At the heart of the Toyota Production System (sometimes referrred to as #Lean Production System) is the principle of ‘Jidoka’.
According to Toyota “Jidoka means that a machine safely stops when the normal processing is completed. It also means that, should a quality / equipment problem arise, the machine detects the problem on its own and stops, preventing defective products from being produced. As a result, only products satisfying quality standards will be passed on to the following processes on the production line.”
But there is more to #Lean than this. The key component is the empowerment of the Operator to stop the process immediately a defect or potentialy defective process is discovered without referring the issue upward. The Operator can stop the production process without fear of retribution and is empowered to do so. This is a great responsibility and one which is not granted lightly, the Operator must be fully trained and the Organisation steeped in the culture of #Lean & #Kaizen (continuous improvement)
Granting this autonomy is absolutely key to the success of the TPS philosophy & unleashes immense forces of creativity & quality improvement.
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How does your Organization treat the people it employs ?
In the last recession it was noticeable how some organizations were quick to fire whilst others made extraordinary efforts to keep their staff. Many of the latter were Automotive companies who valued the skills and capabilities of their workforce. Of course there was self serving interest at work here as skilled workers cost a lot to train, however it is recognised that LEAN Organizations put a lot of emphasis on recognizing and rewarding their staff who, in turn, accept more responsibility as a consequence.
How is your salary calculated ? Does your Organization have a structured pay scale and take into account National & Regional variations for your pay grade or do you just get minimum wage ?
What about training ? does your Organization provide regular opportunities for upgrading your skills; does it pay for courses you wish to attend ? or do you struggle to further yourself via education at your own cost.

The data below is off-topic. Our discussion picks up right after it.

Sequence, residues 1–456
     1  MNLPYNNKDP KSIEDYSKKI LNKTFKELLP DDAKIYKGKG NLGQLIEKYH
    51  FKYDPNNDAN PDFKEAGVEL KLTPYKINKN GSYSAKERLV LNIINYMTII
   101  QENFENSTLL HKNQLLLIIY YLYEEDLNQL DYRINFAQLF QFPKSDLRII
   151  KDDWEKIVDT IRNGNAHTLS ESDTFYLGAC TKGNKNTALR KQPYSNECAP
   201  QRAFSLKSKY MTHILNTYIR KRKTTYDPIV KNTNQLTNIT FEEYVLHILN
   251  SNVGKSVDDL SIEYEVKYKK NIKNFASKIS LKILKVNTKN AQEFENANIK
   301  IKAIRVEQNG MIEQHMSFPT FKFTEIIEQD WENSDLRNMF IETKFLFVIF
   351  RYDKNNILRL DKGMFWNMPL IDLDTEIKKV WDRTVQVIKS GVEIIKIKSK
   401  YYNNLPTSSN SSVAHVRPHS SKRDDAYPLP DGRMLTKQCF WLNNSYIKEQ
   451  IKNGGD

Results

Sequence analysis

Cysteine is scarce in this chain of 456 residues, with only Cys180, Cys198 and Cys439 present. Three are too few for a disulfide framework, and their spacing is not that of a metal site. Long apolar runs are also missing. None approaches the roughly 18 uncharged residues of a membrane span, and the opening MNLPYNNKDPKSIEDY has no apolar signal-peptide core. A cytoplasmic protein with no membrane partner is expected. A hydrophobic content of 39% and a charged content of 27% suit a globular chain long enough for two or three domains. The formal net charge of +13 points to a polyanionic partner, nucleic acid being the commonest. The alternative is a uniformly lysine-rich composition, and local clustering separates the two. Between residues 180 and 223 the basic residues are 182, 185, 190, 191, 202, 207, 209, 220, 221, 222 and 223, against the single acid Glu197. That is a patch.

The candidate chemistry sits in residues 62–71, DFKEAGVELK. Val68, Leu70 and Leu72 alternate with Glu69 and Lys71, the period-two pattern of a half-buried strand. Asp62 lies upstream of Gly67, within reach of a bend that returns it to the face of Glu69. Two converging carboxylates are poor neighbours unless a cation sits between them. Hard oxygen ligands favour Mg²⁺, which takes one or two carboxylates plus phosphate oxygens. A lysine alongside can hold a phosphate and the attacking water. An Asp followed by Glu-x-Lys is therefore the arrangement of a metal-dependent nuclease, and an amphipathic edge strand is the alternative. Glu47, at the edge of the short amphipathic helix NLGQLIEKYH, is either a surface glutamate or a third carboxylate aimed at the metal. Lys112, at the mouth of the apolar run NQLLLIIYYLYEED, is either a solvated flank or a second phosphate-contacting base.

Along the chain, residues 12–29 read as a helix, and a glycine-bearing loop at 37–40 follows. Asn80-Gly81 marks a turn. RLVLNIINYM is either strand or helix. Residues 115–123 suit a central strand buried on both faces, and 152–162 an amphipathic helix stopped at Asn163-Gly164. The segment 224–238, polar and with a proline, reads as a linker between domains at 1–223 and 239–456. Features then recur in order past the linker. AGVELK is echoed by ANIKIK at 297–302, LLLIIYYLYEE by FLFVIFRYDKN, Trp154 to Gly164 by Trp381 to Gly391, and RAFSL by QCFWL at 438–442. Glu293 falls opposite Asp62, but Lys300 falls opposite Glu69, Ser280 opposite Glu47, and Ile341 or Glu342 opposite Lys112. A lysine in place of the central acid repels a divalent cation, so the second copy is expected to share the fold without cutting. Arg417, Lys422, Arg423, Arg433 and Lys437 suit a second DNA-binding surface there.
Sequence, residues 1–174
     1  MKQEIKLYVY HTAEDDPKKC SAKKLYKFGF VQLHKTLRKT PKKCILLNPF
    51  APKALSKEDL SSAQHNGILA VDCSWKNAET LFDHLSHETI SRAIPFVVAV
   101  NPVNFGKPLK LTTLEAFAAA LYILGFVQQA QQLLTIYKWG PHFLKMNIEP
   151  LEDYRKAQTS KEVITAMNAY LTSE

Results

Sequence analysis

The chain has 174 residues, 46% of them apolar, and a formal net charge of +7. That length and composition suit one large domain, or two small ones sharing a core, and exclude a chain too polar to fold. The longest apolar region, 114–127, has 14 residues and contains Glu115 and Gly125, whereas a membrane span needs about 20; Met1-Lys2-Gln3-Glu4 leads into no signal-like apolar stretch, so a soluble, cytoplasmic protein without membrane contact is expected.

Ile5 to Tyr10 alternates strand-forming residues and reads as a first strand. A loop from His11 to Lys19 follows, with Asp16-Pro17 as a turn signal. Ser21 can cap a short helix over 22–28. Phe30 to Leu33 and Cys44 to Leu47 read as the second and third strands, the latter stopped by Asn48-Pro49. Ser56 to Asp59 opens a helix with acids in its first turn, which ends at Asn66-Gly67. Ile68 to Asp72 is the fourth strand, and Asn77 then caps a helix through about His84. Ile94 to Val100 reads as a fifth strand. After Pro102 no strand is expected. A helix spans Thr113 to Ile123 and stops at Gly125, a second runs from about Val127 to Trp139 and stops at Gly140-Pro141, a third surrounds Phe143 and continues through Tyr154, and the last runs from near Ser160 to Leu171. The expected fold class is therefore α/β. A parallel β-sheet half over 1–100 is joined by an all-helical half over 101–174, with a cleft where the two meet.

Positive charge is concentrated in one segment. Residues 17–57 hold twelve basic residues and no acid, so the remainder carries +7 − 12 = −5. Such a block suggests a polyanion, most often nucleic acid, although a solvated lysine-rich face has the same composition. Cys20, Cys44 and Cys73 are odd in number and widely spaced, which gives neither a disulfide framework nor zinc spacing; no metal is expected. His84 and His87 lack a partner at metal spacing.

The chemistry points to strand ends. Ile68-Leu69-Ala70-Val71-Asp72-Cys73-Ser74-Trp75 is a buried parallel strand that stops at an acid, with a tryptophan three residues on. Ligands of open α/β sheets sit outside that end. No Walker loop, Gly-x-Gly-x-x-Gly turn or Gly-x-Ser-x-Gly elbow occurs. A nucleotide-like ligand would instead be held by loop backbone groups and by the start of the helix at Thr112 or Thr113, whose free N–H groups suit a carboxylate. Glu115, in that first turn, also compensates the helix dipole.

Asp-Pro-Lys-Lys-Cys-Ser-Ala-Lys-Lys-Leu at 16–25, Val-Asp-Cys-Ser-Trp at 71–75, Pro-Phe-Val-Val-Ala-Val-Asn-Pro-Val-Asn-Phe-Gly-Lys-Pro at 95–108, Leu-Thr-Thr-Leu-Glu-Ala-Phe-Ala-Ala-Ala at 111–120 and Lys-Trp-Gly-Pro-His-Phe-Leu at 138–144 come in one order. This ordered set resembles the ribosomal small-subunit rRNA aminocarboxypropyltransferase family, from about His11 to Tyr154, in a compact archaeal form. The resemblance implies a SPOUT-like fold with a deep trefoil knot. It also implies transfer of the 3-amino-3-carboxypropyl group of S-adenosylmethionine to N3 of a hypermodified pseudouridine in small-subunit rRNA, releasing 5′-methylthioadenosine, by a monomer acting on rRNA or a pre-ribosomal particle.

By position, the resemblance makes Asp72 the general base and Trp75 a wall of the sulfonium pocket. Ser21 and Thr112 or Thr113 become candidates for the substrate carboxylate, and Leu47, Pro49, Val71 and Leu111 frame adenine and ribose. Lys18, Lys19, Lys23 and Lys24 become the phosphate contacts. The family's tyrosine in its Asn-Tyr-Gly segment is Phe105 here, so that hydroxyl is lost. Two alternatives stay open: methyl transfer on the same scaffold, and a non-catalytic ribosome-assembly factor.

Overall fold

How about the Culture ? A “blame culture” is a sure sign of an Organization in trouble. Laying the blame means you don’t take responsibility for your own actions.
Excellent Organizations treat their staff like their customers.
Is your Organization Excellent ?
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In their iconic book “Lean Thinking” Womack & Jones identified 5 Lean principles of fundamental importance.
1) Specify Value from the End Customers perspective. What does the End Customer actually want from the product or service. The only way to ascertain this is through the Voice Of Customer. We will expand on this in later posts.
2) Identify the Value Stream. This is the sequence of processes from raw material to the end customer which comprises Value Adding and Non Value Adding steps.
3) Make value Flow. The process should be continuous, avoiding batch production and queues, or at least minimizing them. Aim never to delay a value adding step with a non value adding step. If NVA steps are unavoidable they should be done in parallel with VA steps.
4) Operate via Pull not Push. The system should be driven by the customers demand avoiding unnecessary over production.
5) Strive for Perfection. Minimize defects and aim for Total Customer Satisfaction.
Adopting these 5 Lean principles leads to a Kaizen journey of Continuous Improvement.
Toyota’s Taichi Ohno identified seven main sources of waste to be minimized in a Lean production system:-